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Glutamic acid is a carrier for hydrazine during the biosyntheses of fosfazinomycin and kinamycin

Kwo-Kwang Abraham Wang, Tai L. Ng, Peng Wang, Zedu Huang, Emily P. Balskus, Wilfred van der Donk

Preprint posted on July 09, 2018 https://www.biorxiv.org/content/early/2018/07/09/365031

Article now published in Nature Communications at http://dx.doi.org/10.1038/s41467-018-06083-7

Adding rocket fuel to antibiotics – a new way hydrazine is incorporated into natural products.

Selected by Ellis O'Neill

Background

Nitrogen-nitrogen bonds are rare in nature but are found in certain very potent natural products, including the antibiotic valanimycin and streptozotocin, used in the treatment of cancer. The strategy for the formation of this hydrazine bond has been shown in a few cases to be the addition of the second nitrogen from nitrous acid onto a nitrogen on the nearly completed product, towards the end of biosynthesis. However, for many natural products we do not yet know the biosynthetic routes to their N-N bonds.

 

Overview

In this paper, the authors looked at the biosynthetic gene clusters for two totally unrelated natural products, fosfazinomycin and kinamycin, and noticed that they encode a similar set of five enzymes. They used extensive isotope labelling studies and feeding intermediates in the biosynthesis to demonstrate that both these natural products have a novel hydrazine donor. This is made via the addition of nitrous acid to aspartate, acetylation and then formation of glutamylhydrazine, as the donor. Various steps were performed in vitro to show the exact reaction carried out by each of these enzymes. The hydrazine is then transferred from the newly discovered donor onto hydroxyls of either the almost complete product, for kinamycin, or a building block arginine, for fosfazinomycin.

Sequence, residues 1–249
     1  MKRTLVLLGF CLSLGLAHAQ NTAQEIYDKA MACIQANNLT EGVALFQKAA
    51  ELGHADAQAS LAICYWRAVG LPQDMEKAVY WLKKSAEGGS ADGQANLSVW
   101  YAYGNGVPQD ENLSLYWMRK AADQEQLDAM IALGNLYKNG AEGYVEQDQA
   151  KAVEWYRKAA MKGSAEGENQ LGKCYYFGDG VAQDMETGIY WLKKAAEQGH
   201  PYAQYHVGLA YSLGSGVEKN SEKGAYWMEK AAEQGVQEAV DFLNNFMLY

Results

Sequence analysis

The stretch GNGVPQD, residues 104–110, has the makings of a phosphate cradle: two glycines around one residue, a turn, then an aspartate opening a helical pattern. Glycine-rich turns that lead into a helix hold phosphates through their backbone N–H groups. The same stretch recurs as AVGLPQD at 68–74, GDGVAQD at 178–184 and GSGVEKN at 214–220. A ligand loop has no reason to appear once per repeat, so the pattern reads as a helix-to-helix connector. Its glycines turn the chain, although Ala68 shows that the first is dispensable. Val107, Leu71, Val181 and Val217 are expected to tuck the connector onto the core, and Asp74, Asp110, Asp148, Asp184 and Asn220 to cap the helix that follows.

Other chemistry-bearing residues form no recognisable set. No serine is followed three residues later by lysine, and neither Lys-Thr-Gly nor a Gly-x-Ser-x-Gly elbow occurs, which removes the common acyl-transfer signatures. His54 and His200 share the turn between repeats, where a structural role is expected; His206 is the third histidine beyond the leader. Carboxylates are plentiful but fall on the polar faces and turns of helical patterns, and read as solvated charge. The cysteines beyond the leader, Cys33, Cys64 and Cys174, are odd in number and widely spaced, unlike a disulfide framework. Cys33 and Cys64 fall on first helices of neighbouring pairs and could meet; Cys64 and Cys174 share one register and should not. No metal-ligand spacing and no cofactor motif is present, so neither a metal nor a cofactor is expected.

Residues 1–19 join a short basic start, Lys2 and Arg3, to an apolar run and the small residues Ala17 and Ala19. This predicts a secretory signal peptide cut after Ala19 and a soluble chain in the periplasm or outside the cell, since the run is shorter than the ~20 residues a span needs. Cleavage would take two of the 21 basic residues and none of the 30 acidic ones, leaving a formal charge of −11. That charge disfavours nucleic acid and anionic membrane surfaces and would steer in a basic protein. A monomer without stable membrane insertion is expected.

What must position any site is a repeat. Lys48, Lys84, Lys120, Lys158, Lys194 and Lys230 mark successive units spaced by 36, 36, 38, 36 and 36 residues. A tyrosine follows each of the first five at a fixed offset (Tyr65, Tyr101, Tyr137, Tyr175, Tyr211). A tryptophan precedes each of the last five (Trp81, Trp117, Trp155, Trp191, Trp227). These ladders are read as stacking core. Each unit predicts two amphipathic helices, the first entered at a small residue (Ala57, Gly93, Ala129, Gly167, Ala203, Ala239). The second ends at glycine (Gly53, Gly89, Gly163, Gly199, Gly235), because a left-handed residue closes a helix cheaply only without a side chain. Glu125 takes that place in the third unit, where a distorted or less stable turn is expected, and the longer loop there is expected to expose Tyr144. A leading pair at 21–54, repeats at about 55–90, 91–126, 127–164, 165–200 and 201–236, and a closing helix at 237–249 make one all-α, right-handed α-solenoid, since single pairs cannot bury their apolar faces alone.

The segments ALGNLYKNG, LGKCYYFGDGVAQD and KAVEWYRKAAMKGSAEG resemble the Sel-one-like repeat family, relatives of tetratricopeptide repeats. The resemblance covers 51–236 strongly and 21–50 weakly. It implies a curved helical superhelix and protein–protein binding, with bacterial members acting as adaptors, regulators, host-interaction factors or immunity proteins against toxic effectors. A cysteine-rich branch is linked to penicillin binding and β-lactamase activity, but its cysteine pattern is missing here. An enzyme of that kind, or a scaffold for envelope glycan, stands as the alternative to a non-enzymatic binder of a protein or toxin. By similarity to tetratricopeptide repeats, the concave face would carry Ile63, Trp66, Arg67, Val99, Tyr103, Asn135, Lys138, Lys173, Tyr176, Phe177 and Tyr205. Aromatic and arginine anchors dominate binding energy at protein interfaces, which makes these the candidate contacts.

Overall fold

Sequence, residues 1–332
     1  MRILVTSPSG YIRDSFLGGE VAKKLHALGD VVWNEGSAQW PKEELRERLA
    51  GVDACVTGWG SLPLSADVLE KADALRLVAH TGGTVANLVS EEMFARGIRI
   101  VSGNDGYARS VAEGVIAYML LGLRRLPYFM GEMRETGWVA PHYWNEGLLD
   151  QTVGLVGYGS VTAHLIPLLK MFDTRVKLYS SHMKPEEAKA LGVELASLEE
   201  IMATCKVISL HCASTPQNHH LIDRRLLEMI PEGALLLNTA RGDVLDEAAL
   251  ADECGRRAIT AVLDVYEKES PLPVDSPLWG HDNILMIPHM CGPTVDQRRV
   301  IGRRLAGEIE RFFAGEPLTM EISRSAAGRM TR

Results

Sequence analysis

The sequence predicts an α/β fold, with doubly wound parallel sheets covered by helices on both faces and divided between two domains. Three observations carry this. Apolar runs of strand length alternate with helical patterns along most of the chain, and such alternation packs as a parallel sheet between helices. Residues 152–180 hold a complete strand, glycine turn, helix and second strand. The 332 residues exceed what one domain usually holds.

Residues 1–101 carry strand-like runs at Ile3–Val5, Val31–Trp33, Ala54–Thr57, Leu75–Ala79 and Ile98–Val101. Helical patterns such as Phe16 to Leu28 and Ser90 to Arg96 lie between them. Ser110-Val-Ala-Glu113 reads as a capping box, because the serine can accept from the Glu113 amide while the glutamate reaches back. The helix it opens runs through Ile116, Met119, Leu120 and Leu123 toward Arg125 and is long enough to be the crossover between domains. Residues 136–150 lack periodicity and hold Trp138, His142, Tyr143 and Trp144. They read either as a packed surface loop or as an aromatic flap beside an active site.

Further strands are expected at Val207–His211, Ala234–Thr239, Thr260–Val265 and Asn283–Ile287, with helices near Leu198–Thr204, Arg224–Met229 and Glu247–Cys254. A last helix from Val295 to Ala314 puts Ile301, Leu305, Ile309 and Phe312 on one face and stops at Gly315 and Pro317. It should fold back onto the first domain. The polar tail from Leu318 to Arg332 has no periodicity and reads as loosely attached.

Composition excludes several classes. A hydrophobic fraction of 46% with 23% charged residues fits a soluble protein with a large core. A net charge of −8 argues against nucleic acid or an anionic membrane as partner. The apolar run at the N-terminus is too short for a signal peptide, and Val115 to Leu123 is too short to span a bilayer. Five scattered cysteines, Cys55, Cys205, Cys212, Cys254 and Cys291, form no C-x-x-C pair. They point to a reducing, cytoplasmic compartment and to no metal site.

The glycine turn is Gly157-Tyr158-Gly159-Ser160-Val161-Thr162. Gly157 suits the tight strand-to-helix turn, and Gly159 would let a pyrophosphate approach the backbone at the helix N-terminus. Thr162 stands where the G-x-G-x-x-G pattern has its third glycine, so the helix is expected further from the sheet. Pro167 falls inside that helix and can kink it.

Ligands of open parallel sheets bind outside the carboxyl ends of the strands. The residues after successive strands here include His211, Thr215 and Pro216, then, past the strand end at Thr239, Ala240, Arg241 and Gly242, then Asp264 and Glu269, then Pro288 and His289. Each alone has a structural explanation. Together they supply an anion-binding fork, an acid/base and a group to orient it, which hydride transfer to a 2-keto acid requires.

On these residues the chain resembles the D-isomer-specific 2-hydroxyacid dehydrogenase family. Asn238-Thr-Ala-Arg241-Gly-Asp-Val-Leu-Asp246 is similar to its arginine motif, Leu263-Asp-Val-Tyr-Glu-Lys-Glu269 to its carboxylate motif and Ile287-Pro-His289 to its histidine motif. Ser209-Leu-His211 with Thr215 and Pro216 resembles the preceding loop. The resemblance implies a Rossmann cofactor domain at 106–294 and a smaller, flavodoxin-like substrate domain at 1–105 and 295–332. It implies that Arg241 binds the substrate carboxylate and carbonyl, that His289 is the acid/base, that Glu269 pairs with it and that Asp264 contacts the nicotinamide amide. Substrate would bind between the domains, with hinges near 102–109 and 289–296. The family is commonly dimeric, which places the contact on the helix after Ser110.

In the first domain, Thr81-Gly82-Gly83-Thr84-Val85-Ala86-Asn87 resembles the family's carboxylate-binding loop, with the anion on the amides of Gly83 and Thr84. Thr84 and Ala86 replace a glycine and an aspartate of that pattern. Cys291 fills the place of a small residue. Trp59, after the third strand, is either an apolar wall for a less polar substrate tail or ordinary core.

The hydrazine group is rare in nature and I was drawn to this paper because of the unusual chemistry. Understanding how nature can make these odd groups can allow us to modify known compounds to improve their efficacy, but it can also be used to perform reactions that are currently done using harsh chemicals.

 

Future Outlook

The chemistry carried out by these enzymes is very interesting and the structures of the proteins involved would provide great insight into how they perform these specific reactions. Searching for other gene clusters that contain these five enzymes, with the prediction that they are likely to add hydrazine, can be used to find new pathways that make N-N bond containing molecules. These hydrazine-transferring enzymes may represent an ingenious way of installing hydrazine moieties during chemical synthesis from relatively stable precursors. One way to realise this would be to screen many compounds, including known drugs, with these enzymes to see what products can be made. This would show the substrate specificity of the enzymes, which could then be engineered, and allow them to be used for specific biotransformations.

Further Reading

A review of hydrazine containing natural products

(https://www.sciencedirect.com/science/article/pii/S096808961400724X?via%3Dihub)

 

Posted on: 19th July 2018

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